One of the major challenges of organizing European or international online dialogues is dealing with multilingualism. The experience with multilingual online discussions shows that people tend to stick to their own language group. Sometimes they are discussing in English, but crossing language boarders and particularly commenting in a foreign language seems to be a hard task for most of the users - even if they have some knowledge of foreign languages.
Employing professional translators is definitely too expensive. Using peer-to-peer translation might be a good idea, if you have a rather slow developing, open-ended dialogue, e.g. the comments of a weblog. But a translation always slows down the track of comments, so communication across language barriers would still be constricted.
So, how can organizers and designers make it easier for people to leave their own language group and to get into contact with people speaking different languages - thus, what can you do to enable a real, inclusive discussion across language barriers?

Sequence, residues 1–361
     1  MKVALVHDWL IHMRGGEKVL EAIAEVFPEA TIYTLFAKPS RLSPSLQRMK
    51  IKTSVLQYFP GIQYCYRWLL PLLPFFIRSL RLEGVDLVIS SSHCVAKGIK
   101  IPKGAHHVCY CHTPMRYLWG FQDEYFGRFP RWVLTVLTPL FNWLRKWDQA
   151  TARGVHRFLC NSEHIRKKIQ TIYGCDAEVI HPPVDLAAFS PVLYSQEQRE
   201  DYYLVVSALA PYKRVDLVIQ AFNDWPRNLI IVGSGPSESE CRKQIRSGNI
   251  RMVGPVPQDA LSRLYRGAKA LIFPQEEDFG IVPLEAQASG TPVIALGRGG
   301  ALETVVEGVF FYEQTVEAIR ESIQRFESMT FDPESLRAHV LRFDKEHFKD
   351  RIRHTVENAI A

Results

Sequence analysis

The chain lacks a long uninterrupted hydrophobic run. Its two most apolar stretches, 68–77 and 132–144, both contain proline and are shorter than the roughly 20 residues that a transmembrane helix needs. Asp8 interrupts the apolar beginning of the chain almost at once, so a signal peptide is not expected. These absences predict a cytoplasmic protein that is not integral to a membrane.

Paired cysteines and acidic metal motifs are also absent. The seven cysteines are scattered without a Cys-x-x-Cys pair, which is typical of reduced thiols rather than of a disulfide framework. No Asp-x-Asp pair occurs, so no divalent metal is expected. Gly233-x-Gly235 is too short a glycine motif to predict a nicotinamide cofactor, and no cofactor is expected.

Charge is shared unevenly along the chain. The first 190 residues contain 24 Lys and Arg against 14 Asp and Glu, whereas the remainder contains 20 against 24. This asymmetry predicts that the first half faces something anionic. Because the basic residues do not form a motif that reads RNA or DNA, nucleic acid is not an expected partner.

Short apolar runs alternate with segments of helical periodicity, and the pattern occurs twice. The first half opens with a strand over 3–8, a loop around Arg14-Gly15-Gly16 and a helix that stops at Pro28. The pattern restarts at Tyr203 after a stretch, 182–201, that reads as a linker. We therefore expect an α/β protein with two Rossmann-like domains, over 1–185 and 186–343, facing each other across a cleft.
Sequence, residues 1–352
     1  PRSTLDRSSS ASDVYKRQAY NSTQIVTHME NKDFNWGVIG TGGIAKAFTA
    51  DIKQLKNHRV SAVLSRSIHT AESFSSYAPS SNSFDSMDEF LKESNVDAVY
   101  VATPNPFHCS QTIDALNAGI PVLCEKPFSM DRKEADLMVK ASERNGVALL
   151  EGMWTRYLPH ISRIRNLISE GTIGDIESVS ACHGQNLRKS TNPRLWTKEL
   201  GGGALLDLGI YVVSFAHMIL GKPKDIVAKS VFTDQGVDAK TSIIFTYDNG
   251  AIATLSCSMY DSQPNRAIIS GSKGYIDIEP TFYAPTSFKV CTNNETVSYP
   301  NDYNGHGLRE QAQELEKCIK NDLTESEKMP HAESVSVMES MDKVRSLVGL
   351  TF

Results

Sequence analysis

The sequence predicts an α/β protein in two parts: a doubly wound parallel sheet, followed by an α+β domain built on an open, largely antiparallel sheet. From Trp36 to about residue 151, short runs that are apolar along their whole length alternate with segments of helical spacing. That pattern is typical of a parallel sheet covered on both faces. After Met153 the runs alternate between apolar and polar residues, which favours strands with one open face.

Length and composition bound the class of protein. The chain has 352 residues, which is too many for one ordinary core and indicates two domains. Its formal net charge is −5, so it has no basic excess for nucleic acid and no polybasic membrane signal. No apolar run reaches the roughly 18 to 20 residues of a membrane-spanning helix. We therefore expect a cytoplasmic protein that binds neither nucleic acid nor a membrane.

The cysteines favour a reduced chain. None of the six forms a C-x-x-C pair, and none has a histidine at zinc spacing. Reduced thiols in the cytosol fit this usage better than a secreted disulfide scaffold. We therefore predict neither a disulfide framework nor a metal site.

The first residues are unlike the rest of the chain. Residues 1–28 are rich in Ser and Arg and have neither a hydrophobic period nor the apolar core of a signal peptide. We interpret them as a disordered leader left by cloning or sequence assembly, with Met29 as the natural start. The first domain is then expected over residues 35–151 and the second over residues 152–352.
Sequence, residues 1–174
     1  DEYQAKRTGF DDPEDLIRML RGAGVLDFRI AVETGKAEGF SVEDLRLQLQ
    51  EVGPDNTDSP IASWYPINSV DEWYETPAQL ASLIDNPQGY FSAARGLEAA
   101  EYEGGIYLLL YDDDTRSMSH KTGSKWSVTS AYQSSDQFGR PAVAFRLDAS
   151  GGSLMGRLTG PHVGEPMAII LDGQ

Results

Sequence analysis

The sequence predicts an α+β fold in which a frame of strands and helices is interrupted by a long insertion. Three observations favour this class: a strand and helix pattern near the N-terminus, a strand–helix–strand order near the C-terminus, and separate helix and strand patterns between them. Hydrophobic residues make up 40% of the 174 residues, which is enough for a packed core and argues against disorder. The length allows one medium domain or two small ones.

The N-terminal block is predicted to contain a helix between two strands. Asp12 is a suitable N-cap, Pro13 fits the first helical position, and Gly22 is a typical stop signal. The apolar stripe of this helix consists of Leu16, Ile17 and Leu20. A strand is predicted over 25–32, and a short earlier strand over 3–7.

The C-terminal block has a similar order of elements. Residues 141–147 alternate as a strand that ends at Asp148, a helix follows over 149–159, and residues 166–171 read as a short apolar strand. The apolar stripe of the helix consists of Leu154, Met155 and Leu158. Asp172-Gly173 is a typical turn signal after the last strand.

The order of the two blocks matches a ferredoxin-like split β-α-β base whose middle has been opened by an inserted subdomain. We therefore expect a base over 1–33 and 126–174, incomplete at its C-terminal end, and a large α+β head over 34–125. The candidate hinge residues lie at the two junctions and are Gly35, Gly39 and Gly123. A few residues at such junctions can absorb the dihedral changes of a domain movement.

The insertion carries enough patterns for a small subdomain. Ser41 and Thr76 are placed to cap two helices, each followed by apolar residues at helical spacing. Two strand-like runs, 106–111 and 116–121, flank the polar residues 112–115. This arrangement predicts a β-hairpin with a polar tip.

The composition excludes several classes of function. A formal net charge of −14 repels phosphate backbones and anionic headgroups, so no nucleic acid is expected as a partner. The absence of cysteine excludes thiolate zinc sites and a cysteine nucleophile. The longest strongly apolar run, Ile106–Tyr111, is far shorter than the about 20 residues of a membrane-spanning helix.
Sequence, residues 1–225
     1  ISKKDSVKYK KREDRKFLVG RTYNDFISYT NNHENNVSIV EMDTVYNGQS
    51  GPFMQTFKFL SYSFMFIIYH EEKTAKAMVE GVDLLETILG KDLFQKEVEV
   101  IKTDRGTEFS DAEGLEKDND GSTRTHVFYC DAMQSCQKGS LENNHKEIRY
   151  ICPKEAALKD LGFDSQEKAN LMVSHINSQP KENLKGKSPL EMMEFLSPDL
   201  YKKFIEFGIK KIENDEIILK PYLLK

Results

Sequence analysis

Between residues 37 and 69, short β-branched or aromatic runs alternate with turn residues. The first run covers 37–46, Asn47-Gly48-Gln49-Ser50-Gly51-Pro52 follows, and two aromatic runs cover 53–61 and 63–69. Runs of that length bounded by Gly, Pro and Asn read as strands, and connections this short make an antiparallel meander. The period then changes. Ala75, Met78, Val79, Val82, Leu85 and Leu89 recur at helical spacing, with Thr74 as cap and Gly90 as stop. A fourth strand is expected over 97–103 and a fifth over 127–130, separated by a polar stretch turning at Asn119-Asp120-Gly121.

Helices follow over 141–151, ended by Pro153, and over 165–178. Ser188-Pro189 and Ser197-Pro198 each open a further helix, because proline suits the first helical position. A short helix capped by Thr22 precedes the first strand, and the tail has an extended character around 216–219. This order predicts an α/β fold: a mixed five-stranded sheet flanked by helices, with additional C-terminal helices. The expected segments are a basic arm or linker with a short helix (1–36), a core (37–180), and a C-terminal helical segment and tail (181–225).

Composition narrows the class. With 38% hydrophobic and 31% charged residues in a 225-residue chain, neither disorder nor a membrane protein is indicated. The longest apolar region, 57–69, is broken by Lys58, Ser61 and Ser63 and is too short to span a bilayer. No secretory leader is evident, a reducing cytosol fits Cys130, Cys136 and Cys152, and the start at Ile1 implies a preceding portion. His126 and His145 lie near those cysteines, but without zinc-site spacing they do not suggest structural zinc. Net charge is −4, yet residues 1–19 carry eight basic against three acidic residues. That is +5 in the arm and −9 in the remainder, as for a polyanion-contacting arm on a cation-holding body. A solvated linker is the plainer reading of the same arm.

We’d like to introduce an idea - and are very interested about your comments and insights:
We though about a mechanism matching users who have different native languages, but who can speak the same foreign language.
In detail: This matching mechanism would work in online dialogues were users do not only discuss in an open forum but also communicate one-to-one using a messenger-system integrated into the platform. When signing up for the online discussion the users would have to state their mother tongue as well as the languages they can also speak and understand.
The system would than match the users. Every user would be attached to a defined number of peers, lets say to 10 other users. The condition: these users may NOT have the same native language, but are accordant in at last one of the languages they are familiar with as well.
So, a German user who can speak English, French and Spanish would be matched with English, French and Spanish user speaking German, with Italian users speaking French, with Greek users speaking English, and so on - but not with other German users. So, this user would get into intensive one-to-one dialogue (reducing the embarrassment some might feel when writing in a foreign language into an open forum) with different people from different language groups.